The leasing of industrial facilities has always been the domain of distribution operations and businesses that needed large off-site storage capacity.
Now however, many F&B businesses are opting to lease facilities rather than purchasing them. Today’s developers are happy to pay the fit out cost and have it included in the overall lease payments, which tends to suit both parties.
However, there are pros and cons when delving into buying or leasing premises. What are some of the advantages of leasing a warehouse, distribution centre or manufacturing building? Here’s a few tips from Total Construction.
Initial start-up costs. Investing in a building can be very costly, especially if you are an onshore manufacturer. While it is a fixed asset, money can be better spent on other more important things that can get a business up and running. This includes automated plant, which in turn saves on labour costs. Maybe the savings can be spent on research and development, and marketing and promoting the newly developed product.
Red tape. Getting compliance from councils can cause a lot of angst and also cost a lot of money. While a manufacturer will have to make sure they comply with their ongoing working conditions, making sure the building meets all the local body and environmental requirements will be up to the building owner.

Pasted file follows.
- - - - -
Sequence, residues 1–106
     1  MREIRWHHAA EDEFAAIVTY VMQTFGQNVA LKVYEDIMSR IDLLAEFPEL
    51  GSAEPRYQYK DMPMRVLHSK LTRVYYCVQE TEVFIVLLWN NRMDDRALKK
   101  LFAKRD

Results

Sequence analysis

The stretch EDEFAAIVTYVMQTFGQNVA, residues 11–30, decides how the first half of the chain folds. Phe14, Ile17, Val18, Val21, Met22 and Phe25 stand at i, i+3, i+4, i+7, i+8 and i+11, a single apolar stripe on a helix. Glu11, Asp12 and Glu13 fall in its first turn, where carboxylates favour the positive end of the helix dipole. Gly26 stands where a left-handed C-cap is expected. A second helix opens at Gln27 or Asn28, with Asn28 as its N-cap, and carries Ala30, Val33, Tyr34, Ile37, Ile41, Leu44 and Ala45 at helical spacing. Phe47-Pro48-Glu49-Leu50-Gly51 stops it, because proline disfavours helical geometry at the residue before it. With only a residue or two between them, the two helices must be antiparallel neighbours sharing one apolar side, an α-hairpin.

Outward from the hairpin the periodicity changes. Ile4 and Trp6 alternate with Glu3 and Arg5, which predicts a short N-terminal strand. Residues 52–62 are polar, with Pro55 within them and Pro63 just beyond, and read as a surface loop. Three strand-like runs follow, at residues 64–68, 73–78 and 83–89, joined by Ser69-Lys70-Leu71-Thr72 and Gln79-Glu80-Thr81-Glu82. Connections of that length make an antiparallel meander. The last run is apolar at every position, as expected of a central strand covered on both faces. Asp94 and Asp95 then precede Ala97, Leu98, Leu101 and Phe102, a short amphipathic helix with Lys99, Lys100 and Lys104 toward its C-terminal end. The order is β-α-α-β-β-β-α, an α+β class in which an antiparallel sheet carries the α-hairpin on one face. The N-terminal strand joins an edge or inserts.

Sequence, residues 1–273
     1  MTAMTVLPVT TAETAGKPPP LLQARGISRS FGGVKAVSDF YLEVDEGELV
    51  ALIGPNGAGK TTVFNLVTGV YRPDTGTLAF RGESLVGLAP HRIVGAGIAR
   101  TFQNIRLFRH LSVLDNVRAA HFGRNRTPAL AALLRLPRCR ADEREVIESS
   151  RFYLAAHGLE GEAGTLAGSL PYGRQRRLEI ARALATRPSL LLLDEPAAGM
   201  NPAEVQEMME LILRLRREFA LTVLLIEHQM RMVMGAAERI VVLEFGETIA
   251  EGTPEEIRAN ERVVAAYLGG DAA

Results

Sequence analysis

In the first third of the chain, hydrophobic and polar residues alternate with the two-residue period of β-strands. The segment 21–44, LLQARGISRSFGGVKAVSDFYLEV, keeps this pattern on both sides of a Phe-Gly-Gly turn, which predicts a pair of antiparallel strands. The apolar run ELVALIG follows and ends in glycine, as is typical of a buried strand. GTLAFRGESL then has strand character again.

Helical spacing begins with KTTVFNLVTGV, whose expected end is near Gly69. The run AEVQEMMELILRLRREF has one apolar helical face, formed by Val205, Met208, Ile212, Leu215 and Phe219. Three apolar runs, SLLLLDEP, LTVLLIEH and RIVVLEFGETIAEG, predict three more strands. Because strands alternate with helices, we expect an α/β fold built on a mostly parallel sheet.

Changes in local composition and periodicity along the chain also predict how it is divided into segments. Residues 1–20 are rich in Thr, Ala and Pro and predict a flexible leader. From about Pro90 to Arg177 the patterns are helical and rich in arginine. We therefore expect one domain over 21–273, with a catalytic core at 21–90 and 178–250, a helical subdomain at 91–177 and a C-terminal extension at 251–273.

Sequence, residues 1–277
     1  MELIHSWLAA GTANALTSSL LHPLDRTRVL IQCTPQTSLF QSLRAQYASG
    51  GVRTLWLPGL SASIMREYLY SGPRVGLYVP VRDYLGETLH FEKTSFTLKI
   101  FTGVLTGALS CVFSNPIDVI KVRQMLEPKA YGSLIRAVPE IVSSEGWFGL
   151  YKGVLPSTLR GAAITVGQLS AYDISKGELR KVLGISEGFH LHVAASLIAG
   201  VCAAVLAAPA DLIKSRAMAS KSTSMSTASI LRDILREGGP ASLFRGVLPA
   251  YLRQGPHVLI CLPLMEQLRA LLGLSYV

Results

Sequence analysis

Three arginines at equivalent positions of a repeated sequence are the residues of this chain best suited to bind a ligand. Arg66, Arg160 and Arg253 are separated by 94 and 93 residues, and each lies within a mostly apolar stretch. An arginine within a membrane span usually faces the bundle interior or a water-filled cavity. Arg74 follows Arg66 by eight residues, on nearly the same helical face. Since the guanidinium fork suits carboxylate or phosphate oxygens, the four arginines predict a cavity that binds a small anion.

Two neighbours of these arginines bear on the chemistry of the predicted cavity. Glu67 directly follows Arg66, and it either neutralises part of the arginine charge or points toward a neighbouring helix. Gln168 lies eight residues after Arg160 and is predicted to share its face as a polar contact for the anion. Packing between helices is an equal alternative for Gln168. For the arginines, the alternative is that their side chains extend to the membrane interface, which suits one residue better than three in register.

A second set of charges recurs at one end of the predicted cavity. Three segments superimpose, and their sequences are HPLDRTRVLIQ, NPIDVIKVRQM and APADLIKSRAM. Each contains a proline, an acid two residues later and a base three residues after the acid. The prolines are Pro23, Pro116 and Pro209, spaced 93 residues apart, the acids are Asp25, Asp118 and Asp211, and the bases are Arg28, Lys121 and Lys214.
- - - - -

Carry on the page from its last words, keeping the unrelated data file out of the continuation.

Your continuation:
Building upkeep. Buildings need to be kept up to scratch. Tenants don’t have to worry about repairs or any of the administration that goes into looking after the building – whether it be worrying about the rates bill, plumbing or electrics going haywire, or maintenance due to wear and tear.
Location, location, location. Leasing or renting means you can not only shop around for the best location, but you are not tied down to one place for a long time. This means if things change – whether it be a company’s need to expand, or clients moving to another part of the city, or even to a new city – it gives a manufacturer leeway to not renew the lease.
As with any decision made, there are also downsides to leasing a building and/or plant. These include:
Losing capital growth. This can be an issue if you live in a city where commercial space is at a premium. Cities such as Sydney, Melbourne and Brisbane are growing exponentially, and unless the world economy collapses, will be sought after places of business for a long time to come.
Locked in contract. Being locked into a contract means the tenant will have to stay where they are until the contract runs out or pay penalties if the lease is broken. When it comes to the fit out of the warehouse, the tenant has a limited say in how it will look.
Limited say. The owner of the building will have certain terms and conditions that have to be adhered to by the occupant.
Expansion. If your business takes off and you need to expand your operations the owner of the building can call the shots – whether this is allowing a tenant to extend the space available, or the accompanying increase in rent.